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Extra virgin: Ripe fruit on an Islington street tree

Famed in tabloid imaginations for a pioneering fondness of continental gourmet goods, Islingtonians now have an opportunity to get with the small-batch artisanal craft food programme burgeoning in neighbouring Hackney. A locally produced olive crop could be the source of North London’s own cold-pressed lubricant or salty morsel – the uses of the fruit of Olea europaea are many and varied as the ancients could testify.

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A trailer loada trees: Stunted and twisted Olive trees arriving in Clerkenwell

Small but nevertheless fruit-bearing olive trees are to be found in several locations in the borough where they blend in seamlessly in these unlikely urban groves. The silvery evergreen foliage mirrors the au courant colour choices rocking the halls and doors of interiors from Clerkenwell to Canonbury.

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Singular estate: An Olive street tree graces a salubrious Pentonville Regency terrace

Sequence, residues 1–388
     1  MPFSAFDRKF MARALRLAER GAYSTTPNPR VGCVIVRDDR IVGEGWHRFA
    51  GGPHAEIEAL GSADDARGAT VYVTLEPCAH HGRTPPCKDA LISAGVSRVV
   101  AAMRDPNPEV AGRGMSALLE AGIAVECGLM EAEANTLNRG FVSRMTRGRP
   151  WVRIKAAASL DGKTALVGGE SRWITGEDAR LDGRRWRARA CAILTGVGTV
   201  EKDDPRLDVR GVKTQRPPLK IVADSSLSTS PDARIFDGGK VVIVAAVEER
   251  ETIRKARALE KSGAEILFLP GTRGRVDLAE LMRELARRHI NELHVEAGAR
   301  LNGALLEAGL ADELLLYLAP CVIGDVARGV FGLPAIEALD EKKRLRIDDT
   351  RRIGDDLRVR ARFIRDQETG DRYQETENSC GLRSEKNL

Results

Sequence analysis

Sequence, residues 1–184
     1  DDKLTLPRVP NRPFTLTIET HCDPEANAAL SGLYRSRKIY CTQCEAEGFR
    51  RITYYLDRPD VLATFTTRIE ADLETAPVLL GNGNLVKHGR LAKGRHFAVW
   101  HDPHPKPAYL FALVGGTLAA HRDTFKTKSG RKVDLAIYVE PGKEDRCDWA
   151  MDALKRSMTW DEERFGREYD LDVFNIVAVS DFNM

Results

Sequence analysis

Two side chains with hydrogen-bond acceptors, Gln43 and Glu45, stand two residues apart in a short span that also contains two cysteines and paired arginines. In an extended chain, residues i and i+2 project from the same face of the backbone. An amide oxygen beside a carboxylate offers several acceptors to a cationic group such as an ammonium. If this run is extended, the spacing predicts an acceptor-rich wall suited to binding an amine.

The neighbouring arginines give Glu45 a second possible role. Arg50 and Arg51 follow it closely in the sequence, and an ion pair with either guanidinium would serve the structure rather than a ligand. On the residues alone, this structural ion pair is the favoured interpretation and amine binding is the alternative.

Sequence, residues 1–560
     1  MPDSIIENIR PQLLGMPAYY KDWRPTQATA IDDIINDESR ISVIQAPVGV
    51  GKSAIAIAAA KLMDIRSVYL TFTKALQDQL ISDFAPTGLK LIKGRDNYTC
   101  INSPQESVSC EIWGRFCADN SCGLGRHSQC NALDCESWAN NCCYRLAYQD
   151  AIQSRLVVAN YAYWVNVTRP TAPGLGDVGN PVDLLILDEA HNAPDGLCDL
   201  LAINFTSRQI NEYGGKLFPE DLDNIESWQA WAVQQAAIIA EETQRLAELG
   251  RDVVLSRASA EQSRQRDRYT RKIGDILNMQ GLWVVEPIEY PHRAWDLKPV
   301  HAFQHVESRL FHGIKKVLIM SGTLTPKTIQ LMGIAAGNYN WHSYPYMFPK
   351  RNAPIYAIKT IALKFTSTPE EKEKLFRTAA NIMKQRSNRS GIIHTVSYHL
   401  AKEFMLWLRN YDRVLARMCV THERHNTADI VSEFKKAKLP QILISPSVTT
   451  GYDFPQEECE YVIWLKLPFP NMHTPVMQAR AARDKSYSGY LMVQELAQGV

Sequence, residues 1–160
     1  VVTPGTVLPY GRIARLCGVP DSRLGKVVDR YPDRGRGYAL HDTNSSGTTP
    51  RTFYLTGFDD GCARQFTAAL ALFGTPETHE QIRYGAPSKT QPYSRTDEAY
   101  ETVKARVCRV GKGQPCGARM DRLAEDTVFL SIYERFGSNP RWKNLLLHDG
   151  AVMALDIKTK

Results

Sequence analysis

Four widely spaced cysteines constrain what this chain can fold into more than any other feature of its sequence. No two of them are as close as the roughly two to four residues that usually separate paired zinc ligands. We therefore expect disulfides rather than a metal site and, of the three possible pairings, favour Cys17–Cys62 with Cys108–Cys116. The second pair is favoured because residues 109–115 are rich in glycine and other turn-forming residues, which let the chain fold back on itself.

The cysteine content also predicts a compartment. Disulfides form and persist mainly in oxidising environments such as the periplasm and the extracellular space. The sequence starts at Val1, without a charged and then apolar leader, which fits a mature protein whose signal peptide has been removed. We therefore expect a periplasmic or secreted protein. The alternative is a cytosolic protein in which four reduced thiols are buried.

The Mediterranean exoticism of the olive is somewhat diminished by the ubiquitousness of hacked around trees used as props in restaurants and serviced offices. Nevertheless, the Olive tree is not to be overlooked – an attractive and extremely long-lived tree, it is a remarkable choice for a street tree, perhaps unique to Islington? Throughout my travels in Olive growing lands, I have never seen these trees lining streets in Greece, Italy or Spain.

Olives are inedible until they have been through a complex process of curing and fermenting so I am unable to report on the taste of the Islington fruit. But, while photographing trees recently, I witnessed a blackbird plucking a ripened olive from it’s branch, so they clearly do have some takers.


You can find the Islington groves here…

River Street, EC1:


Rotherfield Street, N1: